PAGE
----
The data for the FB<->WD connection is based on a WD dump, How will it be maintained in the future 
This is not decided yet. In principle, we could create this dump regularly, but I am unsure if this will be needed. We will have to see how things develop before deciding on what to do next.
When info exist in both WD and FB and it differs, what would you like to see done
The difference to be fixed, obviously! Both knowledge bases may and do contain errors, and the ability to compare them can lead to an increased quality level in both. It is obvious that the respective communities should take care of such errors in their knowledge bases. By providing links between the knowledge bases, this should get easier to automate.
Would that be a model for collaboration with other sources like VIAF
Yes, in many cases that should work. It is clear that some sources and their communities are more open to corrections than others. Wikidata can become a central hub for identity on the Web, collecting and reconciling IDs from many different sources. What makes Wikidata so interesting in itself is its commitment to let everyone share in the sum of all knowledge - both in participating in creating it as well as in accessing it. The barriers are so much lower than almost anywhere else. In which other knowledge base can you easily fix an error?
Does FB have sources for its statements
Yes, but this is quite a different notion from what Wikidata does with sources. When a dataset is being uploaded to Freebase, the source for this upload is usually recorded. It is closer to what is usually called "provenance", whereas Wikidata's notion of a source is closer to what is called a "reference", an external authority that makes the given claim. A strength of Wikidata is the diversity of the sources, and that they can be refined later by the community. A statement in Wikidata can have several sources (which makes sense if you think of them as references supporting the statement), but in Freebase every statement only has one source (which again makes sense if you think about it being the provenance of that statement, from where this statement came from).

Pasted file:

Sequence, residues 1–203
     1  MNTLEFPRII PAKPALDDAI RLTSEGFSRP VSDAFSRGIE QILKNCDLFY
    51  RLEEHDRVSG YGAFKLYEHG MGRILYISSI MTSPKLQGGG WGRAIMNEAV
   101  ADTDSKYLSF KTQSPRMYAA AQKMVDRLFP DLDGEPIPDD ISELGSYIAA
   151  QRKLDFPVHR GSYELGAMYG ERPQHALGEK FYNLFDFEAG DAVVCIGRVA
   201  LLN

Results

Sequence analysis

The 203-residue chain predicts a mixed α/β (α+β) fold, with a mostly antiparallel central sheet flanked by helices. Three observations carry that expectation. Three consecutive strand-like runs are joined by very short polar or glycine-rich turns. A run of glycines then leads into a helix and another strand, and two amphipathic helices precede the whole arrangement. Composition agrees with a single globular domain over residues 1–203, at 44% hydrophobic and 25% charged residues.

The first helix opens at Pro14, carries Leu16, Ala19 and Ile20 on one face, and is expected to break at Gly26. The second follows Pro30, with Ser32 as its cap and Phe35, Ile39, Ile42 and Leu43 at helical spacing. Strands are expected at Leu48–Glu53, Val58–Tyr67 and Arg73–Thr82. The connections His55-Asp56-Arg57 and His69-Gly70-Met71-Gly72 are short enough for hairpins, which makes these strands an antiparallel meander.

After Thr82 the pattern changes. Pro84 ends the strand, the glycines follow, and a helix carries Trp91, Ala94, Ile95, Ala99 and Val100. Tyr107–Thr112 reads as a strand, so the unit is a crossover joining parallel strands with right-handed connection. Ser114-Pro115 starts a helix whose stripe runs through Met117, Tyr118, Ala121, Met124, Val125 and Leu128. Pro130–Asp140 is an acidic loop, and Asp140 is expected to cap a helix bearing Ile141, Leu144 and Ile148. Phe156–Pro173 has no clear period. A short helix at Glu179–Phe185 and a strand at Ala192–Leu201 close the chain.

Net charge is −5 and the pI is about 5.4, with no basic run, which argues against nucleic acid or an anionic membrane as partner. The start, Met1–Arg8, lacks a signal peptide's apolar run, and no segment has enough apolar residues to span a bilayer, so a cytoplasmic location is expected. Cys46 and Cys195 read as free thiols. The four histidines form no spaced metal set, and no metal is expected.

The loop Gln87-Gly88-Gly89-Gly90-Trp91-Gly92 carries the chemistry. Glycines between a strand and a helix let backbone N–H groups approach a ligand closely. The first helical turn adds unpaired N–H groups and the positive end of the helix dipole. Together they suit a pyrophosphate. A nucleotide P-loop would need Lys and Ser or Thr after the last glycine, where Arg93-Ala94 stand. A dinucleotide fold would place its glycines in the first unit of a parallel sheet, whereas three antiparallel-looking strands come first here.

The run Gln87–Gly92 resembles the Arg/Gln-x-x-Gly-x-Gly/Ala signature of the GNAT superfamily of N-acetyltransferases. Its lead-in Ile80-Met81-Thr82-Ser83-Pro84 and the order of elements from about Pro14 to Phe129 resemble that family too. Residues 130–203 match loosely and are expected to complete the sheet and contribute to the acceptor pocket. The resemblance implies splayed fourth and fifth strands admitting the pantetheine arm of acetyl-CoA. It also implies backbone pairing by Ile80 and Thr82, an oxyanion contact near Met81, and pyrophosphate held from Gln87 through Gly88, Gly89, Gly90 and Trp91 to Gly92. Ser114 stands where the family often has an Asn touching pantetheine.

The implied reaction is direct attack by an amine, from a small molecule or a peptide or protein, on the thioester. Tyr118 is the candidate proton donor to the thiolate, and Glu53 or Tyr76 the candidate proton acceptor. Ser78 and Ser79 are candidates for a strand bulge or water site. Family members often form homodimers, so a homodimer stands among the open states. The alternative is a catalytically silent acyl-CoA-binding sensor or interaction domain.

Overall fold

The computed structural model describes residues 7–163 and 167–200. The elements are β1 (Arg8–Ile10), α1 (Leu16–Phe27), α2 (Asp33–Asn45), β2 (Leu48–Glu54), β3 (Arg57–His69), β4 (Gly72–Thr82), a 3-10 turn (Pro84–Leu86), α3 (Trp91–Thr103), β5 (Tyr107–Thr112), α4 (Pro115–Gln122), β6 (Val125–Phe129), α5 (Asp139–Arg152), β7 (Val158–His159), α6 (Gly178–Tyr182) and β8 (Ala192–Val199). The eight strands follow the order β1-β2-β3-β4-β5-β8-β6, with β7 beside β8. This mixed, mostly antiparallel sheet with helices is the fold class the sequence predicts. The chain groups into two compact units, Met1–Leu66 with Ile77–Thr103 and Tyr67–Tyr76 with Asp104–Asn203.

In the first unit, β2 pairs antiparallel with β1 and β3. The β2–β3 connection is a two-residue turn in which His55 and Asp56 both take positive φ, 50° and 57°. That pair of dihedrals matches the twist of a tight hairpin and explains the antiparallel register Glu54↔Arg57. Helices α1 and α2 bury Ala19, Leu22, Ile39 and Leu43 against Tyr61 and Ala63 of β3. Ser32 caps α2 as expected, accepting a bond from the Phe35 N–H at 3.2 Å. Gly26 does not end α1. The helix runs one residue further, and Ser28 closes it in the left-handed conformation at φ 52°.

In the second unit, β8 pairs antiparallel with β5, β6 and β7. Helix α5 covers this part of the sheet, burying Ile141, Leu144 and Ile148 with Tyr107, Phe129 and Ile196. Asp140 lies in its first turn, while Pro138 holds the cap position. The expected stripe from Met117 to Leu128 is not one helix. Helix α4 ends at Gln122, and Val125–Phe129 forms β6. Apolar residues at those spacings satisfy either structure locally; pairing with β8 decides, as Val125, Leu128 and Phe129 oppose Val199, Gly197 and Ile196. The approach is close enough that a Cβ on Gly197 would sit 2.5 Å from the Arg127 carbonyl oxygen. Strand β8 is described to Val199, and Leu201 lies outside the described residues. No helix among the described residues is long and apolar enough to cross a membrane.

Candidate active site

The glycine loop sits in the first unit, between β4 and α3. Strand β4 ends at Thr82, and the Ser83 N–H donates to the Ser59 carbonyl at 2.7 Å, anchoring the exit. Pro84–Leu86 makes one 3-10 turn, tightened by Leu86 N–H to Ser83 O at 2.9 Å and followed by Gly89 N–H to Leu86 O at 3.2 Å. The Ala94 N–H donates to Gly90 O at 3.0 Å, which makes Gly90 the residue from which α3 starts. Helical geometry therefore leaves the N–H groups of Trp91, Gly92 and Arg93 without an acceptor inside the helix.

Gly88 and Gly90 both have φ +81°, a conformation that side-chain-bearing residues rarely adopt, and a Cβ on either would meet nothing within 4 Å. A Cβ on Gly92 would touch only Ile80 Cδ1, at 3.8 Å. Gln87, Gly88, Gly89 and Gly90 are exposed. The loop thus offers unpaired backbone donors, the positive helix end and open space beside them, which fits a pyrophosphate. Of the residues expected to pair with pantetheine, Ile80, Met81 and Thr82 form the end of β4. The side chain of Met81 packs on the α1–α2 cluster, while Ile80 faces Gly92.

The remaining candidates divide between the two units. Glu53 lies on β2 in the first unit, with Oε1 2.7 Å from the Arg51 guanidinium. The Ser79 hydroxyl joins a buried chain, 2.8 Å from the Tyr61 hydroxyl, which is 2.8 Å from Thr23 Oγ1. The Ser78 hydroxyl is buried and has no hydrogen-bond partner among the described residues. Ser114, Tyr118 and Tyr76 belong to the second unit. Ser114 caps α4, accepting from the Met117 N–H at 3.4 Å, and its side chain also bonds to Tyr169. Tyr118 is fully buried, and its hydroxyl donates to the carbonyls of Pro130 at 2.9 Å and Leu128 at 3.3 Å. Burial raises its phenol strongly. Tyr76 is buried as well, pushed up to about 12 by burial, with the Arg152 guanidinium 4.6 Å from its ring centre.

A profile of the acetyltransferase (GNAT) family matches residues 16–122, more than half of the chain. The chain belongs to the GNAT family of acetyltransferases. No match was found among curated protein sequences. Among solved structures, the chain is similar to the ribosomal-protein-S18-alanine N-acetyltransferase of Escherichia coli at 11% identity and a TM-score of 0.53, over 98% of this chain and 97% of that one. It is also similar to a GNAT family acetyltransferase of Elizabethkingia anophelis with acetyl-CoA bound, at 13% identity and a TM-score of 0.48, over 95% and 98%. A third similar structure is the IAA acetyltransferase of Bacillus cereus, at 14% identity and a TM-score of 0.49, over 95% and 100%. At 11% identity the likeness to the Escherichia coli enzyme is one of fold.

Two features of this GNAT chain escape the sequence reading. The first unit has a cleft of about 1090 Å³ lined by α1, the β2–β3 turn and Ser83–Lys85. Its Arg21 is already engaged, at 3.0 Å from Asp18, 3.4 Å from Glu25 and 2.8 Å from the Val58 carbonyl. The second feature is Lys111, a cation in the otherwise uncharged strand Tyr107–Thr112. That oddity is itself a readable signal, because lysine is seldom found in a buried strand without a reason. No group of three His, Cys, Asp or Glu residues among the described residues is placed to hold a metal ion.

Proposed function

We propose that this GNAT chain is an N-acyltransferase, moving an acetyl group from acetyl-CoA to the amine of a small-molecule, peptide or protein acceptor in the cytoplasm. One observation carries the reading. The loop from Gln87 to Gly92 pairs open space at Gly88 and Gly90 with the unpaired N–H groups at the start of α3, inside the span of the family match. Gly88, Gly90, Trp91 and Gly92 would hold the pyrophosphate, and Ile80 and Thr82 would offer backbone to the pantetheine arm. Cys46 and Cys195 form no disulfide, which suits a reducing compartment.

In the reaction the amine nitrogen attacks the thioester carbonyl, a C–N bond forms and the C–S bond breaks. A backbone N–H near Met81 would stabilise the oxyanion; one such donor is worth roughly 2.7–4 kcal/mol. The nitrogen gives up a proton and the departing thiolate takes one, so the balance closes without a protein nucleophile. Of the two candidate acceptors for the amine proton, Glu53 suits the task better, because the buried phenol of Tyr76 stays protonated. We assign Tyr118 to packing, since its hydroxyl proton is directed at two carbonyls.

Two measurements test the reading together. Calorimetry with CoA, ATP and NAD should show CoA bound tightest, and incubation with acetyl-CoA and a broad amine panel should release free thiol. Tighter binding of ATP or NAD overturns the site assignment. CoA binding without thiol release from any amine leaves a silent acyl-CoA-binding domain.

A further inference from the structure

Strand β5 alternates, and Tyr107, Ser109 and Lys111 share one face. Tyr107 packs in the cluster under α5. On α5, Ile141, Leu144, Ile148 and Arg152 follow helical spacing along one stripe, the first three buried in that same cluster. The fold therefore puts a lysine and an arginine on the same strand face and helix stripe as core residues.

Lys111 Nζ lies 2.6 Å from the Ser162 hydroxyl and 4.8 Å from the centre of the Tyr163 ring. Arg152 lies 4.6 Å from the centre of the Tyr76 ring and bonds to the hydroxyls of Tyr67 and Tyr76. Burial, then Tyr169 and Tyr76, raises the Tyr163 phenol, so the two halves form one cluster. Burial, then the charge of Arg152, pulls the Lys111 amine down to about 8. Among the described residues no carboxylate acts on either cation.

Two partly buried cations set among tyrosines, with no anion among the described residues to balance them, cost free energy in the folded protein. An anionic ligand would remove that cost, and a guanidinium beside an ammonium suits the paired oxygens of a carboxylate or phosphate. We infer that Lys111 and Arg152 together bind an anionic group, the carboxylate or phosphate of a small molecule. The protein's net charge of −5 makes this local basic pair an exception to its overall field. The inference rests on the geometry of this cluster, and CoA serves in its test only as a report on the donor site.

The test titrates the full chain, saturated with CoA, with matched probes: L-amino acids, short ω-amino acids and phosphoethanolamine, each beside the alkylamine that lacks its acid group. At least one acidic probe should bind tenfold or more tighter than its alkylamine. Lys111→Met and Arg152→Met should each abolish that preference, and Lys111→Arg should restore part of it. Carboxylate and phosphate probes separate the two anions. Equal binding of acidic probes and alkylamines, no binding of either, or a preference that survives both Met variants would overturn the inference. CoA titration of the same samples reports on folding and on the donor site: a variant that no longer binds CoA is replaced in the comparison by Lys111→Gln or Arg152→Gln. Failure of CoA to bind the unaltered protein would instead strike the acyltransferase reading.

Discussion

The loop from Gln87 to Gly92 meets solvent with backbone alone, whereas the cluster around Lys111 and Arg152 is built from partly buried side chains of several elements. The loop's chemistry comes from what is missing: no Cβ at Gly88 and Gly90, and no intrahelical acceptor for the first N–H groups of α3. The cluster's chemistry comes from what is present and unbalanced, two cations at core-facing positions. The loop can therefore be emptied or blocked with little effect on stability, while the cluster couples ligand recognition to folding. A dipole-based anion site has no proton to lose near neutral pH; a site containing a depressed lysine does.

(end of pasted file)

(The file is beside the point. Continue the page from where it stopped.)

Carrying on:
spot the differences
What do you prefer, no diffs or sourced diffs
(I don't understand the question, and rephrase it to: do you prefer an unsourced statement over no statement?)
In most cases, yes, I'd rather have an unsourced statement than no statement at all. In a perfect world, all statements in Wikidata would have great, authoritative sources. But for now, I really think that Wikidata should be lenient with regards to unsourced statements in most cases. There are obvious cases where this is not true: data about living persons has to be more carefully sourced, especially when it has the opportunity to hurt the person. Also, we have to remember, that a Wikipedia community can decide to use a statement from Wikidata only if it is sourced, and to drop it otherwise. Once Wikidata has matured a bit, I expect it to move towards a more stricter policy, and to see tools develop that help with getting there. That will be a quite exciting time.
What FB feature would you LOVE to have in Wikidata
The expressive query features of Freebase. The Wikidata team is hard on working towards enabling this, and I am very much looking forward to see it happen: this will open a whole new world of possibilities for everyone using Wikidata's data, and it will lead to much more visibility of the data and help to refine the Wikidata properties.